Our Security Operation Centers, on November 27, 2023, observed a high volume of callback phishing emails in our participants environments. These emails contained a fraudulent Geek Squad invoice and originated from the same remote server.
The FBI Cyber Division released notice on November 7, 2023, in a Cyber Bulletin, advising of this trend.
Callback phishing emails attempt to trick recipients into calling a phone number provided in the email, where scammers pose as customer service representatives and try to obtain sensitive information such as credit card details or login credentials. They do this under the guise of resolving service renewal confusion. In general, the email body is either blank or contains an attached picture of a fake invoice from services such as Geek Squad, PayPal, Norton, among others.
The emails we received in our SOC, in particular were sent the following randomly generated email addresses registered with top level domains (TLDs) from Saudi Arabia, Poland, and Ukraine:
Although all three email addresses seem to be randomly generated, they were all sent from the same remote server in Ireland and IP address block (188.8.131.52/16).
The following is a screenshot of the email body and attached fraudulent invoice. Here are two examples.
The first example:
The second example:
Callback phishing scams are becoming more and more popular because they are harder for anti-phishing content filters to block. With traditional phishing attacks, the anti-phishing content filters can review the sent text and open the URL locations to see if they contain malicious content or code. There are content and objects that can be examined to determine whether or not the email is malicious.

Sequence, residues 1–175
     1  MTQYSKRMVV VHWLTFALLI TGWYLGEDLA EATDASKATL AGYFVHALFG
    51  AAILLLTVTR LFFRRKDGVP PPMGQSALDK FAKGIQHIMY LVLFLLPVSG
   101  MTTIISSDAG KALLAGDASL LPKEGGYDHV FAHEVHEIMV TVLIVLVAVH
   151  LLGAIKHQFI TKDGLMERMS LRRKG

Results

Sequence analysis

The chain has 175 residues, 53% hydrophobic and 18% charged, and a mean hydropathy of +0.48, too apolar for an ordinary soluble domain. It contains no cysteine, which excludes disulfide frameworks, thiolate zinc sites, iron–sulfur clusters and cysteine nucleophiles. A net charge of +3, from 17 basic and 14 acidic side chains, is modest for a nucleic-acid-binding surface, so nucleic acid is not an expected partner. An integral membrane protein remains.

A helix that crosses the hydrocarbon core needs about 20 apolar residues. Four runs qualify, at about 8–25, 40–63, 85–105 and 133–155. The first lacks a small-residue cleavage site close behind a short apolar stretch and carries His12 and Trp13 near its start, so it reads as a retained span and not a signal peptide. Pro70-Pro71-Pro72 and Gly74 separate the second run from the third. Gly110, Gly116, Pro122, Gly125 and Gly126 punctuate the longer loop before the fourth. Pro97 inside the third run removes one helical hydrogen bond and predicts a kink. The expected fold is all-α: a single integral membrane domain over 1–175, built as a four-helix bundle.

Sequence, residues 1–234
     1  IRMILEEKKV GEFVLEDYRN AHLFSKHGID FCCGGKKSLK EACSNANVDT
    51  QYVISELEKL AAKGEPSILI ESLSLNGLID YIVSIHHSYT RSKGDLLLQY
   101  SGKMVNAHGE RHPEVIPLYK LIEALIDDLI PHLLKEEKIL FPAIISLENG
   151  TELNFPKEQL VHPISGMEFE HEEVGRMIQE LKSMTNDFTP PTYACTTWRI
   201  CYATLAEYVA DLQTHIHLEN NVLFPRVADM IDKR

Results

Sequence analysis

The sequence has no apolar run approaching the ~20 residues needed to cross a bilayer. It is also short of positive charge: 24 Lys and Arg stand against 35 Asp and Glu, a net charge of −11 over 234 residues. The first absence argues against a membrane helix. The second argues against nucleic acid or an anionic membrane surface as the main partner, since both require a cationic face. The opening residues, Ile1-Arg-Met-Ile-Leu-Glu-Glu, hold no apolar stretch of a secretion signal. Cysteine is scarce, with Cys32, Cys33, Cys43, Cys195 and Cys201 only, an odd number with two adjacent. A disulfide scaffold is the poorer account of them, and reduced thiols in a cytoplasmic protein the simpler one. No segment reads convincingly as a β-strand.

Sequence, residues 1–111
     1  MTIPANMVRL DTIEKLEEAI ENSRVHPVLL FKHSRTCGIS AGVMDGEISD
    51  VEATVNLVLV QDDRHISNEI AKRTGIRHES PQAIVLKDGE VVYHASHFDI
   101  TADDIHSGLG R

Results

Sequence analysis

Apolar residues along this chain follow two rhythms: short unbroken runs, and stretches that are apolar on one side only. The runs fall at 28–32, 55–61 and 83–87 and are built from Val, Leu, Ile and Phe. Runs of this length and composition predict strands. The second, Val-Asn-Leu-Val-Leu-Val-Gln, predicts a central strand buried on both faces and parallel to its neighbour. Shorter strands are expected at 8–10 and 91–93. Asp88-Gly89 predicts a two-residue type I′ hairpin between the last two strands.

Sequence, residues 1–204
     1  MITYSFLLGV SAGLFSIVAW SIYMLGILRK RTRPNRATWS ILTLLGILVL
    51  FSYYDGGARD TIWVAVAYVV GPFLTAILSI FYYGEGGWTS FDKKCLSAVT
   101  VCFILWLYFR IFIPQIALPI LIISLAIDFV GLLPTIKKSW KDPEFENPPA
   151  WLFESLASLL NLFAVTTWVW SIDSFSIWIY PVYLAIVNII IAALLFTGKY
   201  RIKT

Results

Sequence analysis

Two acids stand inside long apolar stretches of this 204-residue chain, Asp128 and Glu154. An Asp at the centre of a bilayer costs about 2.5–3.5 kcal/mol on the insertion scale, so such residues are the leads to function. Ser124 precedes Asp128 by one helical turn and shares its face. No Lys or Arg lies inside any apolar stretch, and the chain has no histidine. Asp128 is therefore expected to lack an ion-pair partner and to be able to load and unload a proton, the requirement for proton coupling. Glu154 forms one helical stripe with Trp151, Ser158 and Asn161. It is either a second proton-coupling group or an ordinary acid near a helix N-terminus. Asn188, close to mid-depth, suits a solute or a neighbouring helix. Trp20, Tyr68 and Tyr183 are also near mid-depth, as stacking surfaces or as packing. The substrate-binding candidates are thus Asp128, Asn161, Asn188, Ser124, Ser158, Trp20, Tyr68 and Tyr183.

With callback phishing, the entire message is one big picture. Many anti-phishing content filters cannot “read” the text on the picture. The best they can do is look at the name or hash of the picture file, both of which can easily be made unique and individual for each potential victim.
Your team members should be wary of emails that arrive unexpectedly, ask them to perform unfamiliar actions, contain only a picture file, or repeatedly display a phone number without any clickable links.
Your first line of defense is Security Awareness Training for your employees. Educating your team members so they know about callback phishing.
Teach your team members about messages that have these two traits:
Messages arrived that you were not expecting.
It is asking you to do something you have never been asked to do before from this sender.
Encourage your team members to practice these steps when receiving emails:
Review the email sender's information for accuracy from the proposed company.
Ask themselves about the action items and are they legitimate actions.
Request input or report to your IT team if questionable.
1. Ransomware Actors Continue To Gain Access through Third Parties. (2023, November 7). Ic3.gov. https://www.ic3.gov/Media/News/2023/231108.pdf
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